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LINCam

Photon detection and counting camera that is perfect for FLIM and Light Sheet Microscopy applications.

Description

Single photon detection System

Photon counting is the only way to get as much information brought by light as it is physically possible. Here we present the system allowing to detect not only arrival time of individual photons but also a position as straightforward as camera. Standing on the shoulders of night vision technology LINCam allows to extend any simple wide-field microscope to the powerful fluorescence lifetime imaging system.

Acquisition System

Everythng one needs for robust and reliable single photon counting in a single box. The acquisition system integrates time to amplitude converter, analog to digital converters, power suppliers, reference signal constant fraction discriminator and more. Just plug it to USB 2.0 port.

 LINCam
Active area diameter, mm17
Positional resolution, pixels1000 × 1000
Temporal resolution, ps FWHM≤ 40
Microscope mountC-mount
Housing dimentions, mm145 × 78 × 50
Weight, g500
CoolingLiquid cooled
Single photon acquisition system 
Maximal count rate, MHz1
Dead time, ns400
Timing methodTAC + ADC
Minimum bin width, ps1
Electrical resolution, ps, FWHM7
Number of bins4096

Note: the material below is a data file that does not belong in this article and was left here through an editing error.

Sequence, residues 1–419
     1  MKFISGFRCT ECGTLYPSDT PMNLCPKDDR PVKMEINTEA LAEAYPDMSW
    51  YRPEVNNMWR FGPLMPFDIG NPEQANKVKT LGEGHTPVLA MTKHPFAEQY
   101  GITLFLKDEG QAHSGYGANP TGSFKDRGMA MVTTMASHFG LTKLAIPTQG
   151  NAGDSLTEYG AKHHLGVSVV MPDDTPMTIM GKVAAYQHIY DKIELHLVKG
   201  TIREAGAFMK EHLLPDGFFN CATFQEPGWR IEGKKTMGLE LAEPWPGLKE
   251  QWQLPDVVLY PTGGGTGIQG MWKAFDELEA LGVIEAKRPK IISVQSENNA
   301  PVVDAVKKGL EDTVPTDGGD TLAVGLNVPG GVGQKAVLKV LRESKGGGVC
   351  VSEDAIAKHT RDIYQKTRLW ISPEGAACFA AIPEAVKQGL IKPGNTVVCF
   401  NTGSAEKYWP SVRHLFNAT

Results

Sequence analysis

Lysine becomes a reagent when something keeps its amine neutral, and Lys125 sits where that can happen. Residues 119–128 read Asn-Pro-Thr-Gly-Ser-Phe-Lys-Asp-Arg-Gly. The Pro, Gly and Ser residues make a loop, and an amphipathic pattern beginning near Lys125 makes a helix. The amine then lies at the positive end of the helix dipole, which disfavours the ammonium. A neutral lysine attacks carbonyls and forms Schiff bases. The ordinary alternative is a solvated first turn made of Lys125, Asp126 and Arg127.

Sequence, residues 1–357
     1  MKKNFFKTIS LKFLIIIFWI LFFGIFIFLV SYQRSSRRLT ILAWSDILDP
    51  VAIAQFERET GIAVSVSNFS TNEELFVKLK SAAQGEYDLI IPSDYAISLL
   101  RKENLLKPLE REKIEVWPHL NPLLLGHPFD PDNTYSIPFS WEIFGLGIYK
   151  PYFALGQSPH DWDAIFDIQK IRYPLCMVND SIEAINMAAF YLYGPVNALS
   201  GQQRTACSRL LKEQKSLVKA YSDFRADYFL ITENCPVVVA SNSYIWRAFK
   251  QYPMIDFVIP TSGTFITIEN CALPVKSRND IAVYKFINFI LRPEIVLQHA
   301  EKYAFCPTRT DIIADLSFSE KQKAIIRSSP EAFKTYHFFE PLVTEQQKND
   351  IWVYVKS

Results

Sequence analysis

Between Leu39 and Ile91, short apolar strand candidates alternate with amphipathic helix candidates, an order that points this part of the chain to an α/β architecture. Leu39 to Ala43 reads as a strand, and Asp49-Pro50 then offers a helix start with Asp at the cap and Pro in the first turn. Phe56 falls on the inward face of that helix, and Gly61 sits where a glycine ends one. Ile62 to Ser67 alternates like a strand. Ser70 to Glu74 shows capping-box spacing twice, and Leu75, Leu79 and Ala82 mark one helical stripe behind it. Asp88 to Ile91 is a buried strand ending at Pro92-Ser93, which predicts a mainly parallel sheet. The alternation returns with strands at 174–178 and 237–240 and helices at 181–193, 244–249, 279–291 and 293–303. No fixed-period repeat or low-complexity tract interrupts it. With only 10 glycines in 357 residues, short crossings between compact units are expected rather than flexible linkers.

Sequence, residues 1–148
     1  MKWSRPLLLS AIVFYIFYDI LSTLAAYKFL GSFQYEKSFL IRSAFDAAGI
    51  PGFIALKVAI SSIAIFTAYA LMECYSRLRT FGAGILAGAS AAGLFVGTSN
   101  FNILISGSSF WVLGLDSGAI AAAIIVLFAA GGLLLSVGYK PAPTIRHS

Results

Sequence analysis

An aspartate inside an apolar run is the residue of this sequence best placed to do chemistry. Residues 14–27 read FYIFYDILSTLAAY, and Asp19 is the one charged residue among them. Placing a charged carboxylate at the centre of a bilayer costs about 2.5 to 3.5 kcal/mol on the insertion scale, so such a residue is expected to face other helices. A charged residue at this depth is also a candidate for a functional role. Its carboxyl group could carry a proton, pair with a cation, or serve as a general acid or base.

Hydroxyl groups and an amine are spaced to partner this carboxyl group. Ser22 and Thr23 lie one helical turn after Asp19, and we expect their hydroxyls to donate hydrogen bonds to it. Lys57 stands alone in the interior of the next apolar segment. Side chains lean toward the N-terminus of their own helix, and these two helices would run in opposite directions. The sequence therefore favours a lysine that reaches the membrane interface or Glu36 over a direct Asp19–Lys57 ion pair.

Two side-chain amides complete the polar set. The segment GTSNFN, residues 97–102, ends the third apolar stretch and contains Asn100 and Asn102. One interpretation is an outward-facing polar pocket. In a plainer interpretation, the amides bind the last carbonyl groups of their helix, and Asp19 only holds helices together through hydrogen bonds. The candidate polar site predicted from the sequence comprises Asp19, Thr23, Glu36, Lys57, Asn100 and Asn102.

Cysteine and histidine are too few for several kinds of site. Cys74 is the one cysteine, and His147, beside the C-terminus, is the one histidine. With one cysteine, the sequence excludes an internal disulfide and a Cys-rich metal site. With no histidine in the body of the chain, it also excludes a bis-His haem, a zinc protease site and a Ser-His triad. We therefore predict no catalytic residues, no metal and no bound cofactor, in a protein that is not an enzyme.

Reference inputPositive or negative NIM
Time tagging resolution, ns10
Computer interfaceUSB 3.0, Ethernet
Time tagging resolution, ns10

Click here to download the datasheet

Glycolytic oscillations in eukaryotic cells followed by NADH imaging

Monitoring intrinsic energy metabolism over long periods of time allows the study of cellular communication between cell populations. By using the metabolite NADH as an intrinsic marker for glycolysis, the dynamics of individual cells can be monitored and their interactions studied. Glucose consumption by glycolysis and alcoholic fermentation leads to the production of metabolites, some of which are released. Coupling between yeast cells depends on the release and sensing of the messenger acetaldehyde, which diffuses through the extracellular medium. Yeast cells are well known for the oscillatory behavior of the glycolysis and their metabolic organization. The exchange of messenger molecules can result in waves and synchronized patterns in which all cells oscillate in concert. Essential to this study is an ultrasensitive detection system that allows excitation of the weak fluorescence of NADH by low-intensity UV light.

Click on the link below for read more:

Fluorescence Lifetime Imaging (FLIM)

Example of lifetime imaging of a lily of the valley slice sample. The intensity image (a) is a histogram of the positions of acquired photons. Lifetime analysis reveals four lifetime components: τ1 = 0,19; τ2 = 0,67; τ3 = 1,95 and τ4 = 3,75 ns. The resulting overlay image (b) of the intensity image and average lifetime is shown.

Click on the link below for read more:

FLIM (Fluorescence Lifetime Imaging)

 

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